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acquainted affair affected answered appearance arrived asked assistance assured began begged behaviour believe better body brought called captain carried cause character condition cried desired discovered doctor door dressed entered expectation eyes face father favour fellow fortune gave give hand head heard heart honour hope hour imagined immediately inquired lady least leave length less lived lodgings look manner master mate means mind Miss Morgan morning never night observed occasion offered officer opinion opportunity ordered particular passed perceived person piece poor present promise proposed reason received remained replied returned saying seemed sent shillings ship situation soon sooner soul Strap suffered surgeon surprise taken telling thing thought thousand tion told took town turned understand whole young
Page 205 - Grace was in all her steps. Heaven in her eye, In every gesture dignity and love.
Page 346 - He was accordingly summoned, and made his appearance, which was equally queer and pathetic. He seemed to be about twenty years of age, of a middling size, with bandy legs, stooping shoulders, high forehead, sandy locks, p'inking eyes, flat nose, and long chin ; but his complexion was of a sickly yellow : his looks denoted famine : and the rags that he wore could hardly conceal what decency requires to be covered.
Page 332 - The ball was opened by a Scotch lord, with a mulatto heiress, from St. Christopher's; and the gay Colonel Tinsel danced all the evening with the daughter of an eminent tinman from the borough of Southwark.
Page 465 - Cybele, while the benediction posset was drank ; and a cake being broken over the head of Mrs Tabitha Lismahago, the fragments were distributed among the by-standers, according to the custom of the ancient Britons, on the supposition that every person who ate of this hallowed cake should that night have a vision of the man or woman whom Heaven designed should be his or her wedded mate.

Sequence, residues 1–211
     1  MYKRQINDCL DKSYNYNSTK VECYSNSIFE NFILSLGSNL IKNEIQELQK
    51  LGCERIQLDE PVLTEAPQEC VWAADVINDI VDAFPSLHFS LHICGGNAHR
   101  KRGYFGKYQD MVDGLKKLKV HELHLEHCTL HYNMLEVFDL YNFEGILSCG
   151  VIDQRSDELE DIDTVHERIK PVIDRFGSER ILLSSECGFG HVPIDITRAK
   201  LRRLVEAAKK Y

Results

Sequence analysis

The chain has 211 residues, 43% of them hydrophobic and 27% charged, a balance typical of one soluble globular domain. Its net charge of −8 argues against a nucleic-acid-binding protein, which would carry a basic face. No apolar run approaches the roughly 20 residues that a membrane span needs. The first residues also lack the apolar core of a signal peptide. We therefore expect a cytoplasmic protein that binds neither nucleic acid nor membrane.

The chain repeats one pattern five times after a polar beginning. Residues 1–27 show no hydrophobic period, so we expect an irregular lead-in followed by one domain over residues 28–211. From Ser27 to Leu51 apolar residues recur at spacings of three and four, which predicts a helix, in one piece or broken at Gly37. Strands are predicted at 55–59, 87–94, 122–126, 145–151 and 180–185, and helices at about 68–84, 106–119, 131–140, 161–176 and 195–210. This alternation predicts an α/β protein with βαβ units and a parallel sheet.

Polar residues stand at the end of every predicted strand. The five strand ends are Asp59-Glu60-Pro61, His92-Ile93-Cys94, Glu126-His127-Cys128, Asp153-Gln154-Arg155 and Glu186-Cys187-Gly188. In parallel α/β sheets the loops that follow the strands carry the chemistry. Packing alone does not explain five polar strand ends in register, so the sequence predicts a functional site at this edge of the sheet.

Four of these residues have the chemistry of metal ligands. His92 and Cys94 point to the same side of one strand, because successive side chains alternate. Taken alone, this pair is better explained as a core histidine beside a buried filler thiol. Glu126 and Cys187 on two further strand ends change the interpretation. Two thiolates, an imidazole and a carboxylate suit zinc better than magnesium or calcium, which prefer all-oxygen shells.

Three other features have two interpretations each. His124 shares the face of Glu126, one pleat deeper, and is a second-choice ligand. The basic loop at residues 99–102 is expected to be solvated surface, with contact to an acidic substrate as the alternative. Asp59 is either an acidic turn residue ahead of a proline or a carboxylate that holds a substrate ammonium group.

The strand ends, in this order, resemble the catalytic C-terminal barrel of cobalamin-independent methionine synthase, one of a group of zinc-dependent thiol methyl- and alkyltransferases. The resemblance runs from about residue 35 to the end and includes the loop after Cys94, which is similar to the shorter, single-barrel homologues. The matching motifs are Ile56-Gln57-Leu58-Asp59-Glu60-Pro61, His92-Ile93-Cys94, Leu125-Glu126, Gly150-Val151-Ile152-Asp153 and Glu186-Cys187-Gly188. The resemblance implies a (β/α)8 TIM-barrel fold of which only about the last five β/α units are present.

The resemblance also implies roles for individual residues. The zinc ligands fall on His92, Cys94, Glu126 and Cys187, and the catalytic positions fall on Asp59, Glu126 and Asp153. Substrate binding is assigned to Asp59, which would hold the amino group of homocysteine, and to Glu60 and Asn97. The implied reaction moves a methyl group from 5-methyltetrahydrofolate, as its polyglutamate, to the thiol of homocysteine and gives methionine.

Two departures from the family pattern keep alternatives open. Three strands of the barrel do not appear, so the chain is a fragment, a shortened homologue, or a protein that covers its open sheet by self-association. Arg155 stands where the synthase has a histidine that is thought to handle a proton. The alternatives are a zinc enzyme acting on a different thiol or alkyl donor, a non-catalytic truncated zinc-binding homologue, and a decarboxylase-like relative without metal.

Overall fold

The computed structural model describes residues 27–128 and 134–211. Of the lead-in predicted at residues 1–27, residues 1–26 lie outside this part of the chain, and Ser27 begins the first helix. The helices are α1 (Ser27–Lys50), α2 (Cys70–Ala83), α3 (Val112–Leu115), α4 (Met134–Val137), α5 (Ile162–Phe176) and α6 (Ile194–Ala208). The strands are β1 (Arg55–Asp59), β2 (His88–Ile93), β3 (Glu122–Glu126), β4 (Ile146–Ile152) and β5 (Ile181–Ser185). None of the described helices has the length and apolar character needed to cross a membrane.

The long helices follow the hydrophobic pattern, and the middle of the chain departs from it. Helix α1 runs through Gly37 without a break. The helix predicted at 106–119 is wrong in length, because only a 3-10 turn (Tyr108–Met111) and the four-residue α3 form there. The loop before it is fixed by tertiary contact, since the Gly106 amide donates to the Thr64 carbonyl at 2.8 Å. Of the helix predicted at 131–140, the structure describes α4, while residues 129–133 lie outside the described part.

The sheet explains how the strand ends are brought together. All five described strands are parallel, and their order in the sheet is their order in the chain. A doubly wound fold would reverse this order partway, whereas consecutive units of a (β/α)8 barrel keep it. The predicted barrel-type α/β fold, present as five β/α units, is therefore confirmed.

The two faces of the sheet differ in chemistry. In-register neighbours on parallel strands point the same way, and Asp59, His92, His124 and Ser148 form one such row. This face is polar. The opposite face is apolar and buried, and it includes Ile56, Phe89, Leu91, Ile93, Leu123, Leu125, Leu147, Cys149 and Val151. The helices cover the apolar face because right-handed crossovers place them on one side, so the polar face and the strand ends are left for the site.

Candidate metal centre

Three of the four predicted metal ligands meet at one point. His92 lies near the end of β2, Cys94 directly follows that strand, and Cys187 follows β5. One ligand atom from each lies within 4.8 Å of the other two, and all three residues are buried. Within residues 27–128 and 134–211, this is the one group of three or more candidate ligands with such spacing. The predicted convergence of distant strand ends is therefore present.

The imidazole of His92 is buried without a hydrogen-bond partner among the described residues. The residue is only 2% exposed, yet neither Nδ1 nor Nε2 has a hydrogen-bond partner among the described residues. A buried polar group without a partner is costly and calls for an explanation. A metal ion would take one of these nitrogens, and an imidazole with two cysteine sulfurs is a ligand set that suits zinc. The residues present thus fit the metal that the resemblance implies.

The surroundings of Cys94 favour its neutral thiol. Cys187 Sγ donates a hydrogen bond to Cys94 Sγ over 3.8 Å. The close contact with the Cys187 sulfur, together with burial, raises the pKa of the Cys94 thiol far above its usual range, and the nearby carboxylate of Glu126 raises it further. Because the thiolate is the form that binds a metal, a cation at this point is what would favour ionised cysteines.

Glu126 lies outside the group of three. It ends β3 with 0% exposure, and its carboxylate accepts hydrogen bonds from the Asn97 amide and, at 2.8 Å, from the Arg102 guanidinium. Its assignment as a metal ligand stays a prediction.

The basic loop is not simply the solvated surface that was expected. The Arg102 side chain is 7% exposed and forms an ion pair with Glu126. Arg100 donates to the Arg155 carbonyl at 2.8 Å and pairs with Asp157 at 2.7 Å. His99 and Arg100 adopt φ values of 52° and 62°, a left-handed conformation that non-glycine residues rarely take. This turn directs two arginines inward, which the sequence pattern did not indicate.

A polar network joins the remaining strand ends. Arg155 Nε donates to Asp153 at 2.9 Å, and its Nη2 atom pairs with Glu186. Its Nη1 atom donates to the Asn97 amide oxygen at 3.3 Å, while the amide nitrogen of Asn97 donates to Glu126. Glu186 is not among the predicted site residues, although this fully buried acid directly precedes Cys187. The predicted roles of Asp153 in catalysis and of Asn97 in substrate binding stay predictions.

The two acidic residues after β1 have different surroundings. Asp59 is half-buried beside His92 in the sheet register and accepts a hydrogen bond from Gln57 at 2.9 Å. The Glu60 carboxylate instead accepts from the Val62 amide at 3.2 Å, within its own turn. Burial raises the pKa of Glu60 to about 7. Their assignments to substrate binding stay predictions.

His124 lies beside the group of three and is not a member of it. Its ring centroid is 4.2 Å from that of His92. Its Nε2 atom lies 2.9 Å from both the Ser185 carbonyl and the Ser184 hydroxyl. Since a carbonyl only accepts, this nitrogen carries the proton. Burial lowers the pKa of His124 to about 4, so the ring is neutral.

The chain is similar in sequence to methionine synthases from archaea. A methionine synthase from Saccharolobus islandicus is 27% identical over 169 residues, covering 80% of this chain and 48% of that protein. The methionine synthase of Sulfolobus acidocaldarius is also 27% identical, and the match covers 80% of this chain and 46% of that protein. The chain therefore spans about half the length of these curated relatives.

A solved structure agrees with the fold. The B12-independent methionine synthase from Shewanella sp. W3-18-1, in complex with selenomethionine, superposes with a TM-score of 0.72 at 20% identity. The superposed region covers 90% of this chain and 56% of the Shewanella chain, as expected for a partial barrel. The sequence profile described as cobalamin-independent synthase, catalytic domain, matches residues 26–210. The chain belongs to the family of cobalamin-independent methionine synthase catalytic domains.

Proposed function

Page 421 - On Leven's banks, while free to rove, And tune the rural pipe to love, I envied not the happiest swain That ever trod the Arcadian plain. Pure stream ! in whose transparent wave My youthful limbs I wont to lave...
Page 421 - May numerous herds and flocks be seen : And lasses chanting o'er the pail, And shepherds piping in the dale ; And ancient faith that knows no guile, And industry embrown'd with toil ; And hearts resolved and hands prepared The blessings they enjoy to guard 1 [S
Page 17 - I fired a pistol, loaded with small shot, into his window ; though my landlady and the whole family bore witness that I was a-bed fast asleep at the time when this outrage was committed. I was once flogged for having narrowly escaped drowning, by the sinking of a ferry-boat in which I was passenger ; another time for having recovered of a bruise occasioned by a horse and cart running over me; a third time for being bit by a baker's dog.
Page 11 - The reader gratifies his curiosity, in pursuing the adventures of a person in whose favour he is prepossessed; he espouses his cause, he sympathizes with him in distress, his indignation is heated against the authors of his calamity; the humane passions are inflamed...
Page 12 - The disgraces of Gil Bias are, for the most part, such as rather excite mirth than compassion ; he himself laughs at them ; and his transitions from distress to happiness, or at least ease, are so sudden, that neither the reader has time to pity him, nor himself to be acquainted with affliction. This conduct, in my opinion, not only deviates from probability, but prevents that generous indignation which ought to animate the reader, againslt the sordid and vicious disposition of the world.